How To Write A Great CV or Résumé


Courtesy of - guidance and direction



If you make the
effort to present
your job
application well -
it shows that
you take care
with the tasks
that you


Section 1 - The Employer

Before we look at your Résumé or Curriculum Vitae in detail, it would be useful to view things from the other side of the desk and put yourself in the position of "the employer" and think about what would impress you if you were in that situation.

Imagine yourself, Monday morning and the mail sack has just arrived - full of job applications. Not only are you short-handed because you are one worker down, but in order to fill that gap you have to spend time now, reading job applications and interviewing potential employees.

Your first step is to go through the just arrived, stack of applications. You need to quickly sort through them in order to narrow them down to those most likely prospects suitable to interview. You have a busy schedule and work is piling up while you do this - are you going to waste your time with any that are illegible, badly spelled or poorly presented? No - they will be the first you discard.

Here's your first tip - take the time to write up your application, neatly, with correct spelling and grammar and in the format that was asked. Make sure it is legible and preferably typed if you can.

It is worthwhile getting help with this - if your spelling is poor, get a dictionary, use the spell-checker on the computer, get a friend to help or seek out someone who can provide this service.

No matter what job is being applied for, even unskilled labour - the presentation of your job application says a great deal about your ability to communicate and about your approach to your work.

If you make the effort to present your job application well, it shows that you take care with the tasks that you undertake. However, a slovenly or untidy job application demonstrates the likelihood of the same behaviour towards other tasks. Ask yourself, would you rather employ someone who thought they had done enough to sweep just the middle of the room, or would you prefer someone who took the trouble to do all the corners as well?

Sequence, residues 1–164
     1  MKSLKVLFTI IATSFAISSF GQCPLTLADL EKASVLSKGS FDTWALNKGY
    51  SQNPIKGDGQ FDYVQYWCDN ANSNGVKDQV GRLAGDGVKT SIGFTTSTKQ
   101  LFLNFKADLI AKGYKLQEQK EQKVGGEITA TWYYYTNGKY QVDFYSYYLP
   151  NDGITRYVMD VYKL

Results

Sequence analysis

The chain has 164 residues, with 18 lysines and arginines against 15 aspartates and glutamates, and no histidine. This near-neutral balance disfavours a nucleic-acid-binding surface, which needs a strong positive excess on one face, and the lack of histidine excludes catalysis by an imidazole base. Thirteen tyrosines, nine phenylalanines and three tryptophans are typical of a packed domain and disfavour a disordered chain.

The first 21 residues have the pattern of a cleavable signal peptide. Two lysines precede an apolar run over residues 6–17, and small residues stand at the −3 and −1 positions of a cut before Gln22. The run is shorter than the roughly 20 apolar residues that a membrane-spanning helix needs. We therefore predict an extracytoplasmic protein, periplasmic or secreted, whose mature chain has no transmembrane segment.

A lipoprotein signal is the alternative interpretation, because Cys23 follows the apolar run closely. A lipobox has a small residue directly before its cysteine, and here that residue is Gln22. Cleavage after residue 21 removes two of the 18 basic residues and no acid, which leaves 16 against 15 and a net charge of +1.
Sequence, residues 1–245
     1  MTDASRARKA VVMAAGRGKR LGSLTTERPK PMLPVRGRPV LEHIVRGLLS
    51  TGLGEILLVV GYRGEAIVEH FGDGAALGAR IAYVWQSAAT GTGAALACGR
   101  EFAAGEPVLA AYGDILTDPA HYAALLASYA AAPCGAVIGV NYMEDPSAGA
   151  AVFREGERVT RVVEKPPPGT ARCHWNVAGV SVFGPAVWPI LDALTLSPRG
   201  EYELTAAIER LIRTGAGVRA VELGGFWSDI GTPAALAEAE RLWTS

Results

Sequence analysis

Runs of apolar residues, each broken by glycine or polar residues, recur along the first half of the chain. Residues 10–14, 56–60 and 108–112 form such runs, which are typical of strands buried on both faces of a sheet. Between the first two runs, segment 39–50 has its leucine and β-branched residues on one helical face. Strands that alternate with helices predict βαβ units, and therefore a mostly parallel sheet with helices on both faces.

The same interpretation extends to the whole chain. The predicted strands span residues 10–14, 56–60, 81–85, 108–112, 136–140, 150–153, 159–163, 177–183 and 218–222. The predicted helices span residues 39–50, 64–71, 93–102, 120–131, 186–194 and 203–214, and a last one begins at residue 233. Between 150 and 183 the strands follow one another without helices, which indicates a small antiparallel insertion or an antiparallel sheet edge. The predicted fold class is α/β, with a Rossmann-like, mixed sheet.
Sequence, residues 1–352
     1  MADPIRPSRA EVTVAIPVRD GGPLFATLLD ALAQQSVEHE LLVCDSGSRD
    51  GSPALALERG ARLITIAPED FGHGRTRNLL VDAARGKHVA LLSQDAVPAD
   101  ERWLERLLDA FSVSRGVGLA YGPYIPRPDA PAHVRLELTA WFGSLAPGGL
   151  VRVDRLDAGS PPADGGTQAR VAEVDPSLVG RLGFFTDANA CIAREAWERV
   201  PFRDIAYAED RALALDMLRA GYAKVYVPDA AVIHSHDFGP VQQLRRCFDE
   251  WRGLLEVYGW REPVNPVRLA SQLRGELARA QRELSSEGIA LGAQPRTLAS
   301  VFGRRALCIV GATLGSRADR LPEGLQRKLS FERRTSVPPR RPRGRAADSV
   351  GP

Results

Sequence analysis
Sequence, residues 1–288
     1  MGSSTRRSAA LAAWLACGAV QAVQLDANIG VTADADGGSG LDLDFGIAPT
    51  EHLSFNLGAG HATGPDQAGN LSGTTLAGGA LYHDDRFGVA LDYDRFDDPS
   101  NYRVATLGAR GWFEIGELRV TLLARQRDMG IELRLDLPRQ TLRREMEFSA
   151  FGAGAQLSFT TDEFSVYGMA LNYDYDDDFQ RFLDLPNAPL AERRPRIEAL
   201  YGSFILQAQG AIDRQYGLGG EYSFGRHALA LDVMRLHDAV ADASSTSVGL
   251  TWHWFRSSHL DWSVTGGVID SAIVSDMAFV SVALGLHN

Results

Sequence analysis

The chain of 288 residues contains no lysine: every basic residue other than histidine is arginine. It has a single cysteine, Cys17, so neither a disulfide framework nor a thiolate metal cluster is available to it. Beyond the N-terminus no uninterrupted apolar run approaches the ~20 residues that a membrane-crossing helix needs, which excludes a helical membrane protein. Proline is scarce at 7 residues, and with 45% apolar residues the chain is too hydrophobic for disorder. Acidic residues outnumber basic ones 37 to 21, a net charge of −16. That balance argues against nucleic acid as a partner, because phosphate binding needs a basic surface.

You also need to present your application in the format that they asked for, too. If they ask for it to be on a specific form or sent to them in an electronic format - then make sure you follow their instructions. This may be their first test - can you follow instructions or do you do your own thing regardless?








Life coaching advice




Help the reviewer
to get to the
essential bits of
your CV quickly

Stepping back into "the employer" shoes again and the work on sifting the pile of applications. You have now weeded out the "not worth bothering with" applications that were sent in from all those people who obviously didn't want the job badly enough to make too much effort to get it. Now, you are faced with reading the ones that are left and there must be 20 or 30 on your desk now to go through in order to select maybe 5 or 6 to interview.

At first, you might be quite diligent and read through all the pages of each résumé, but quickly realise that at this rate, not only will you not be done by lunchtime, but the rest of the day looks like being written off too. It doesn't take you long before your eyes are glazing over as you read - there is nothing duller than the average CV - as applicant after applicant recounts their career history from schooldays to the present time. The "potted history" of each applicant may be really interesting to them, but when you've read 10 or 20, then it is very difficult to even stay awake, let alone take in the facts.

Scan reading helps you to move through the pile of applications more quickly, but tends to increase the glazing effect and the job applications begin to blur together. If you have to narrow the choice of applicants down by 75%, then it is only going to be the ones that stand out from the rest that get anything beyond a cursory scan.

Here is the second tip - sell yourself in the first paragraph if you want your job application to even be read, let alone considered for the next stage of the shortlist for interview.

The first few sentences of your application or resume should not only make it clear that you can do the job, but the first paragraph should be interesting enough that the reader wants to actually continue and read ALL of your application.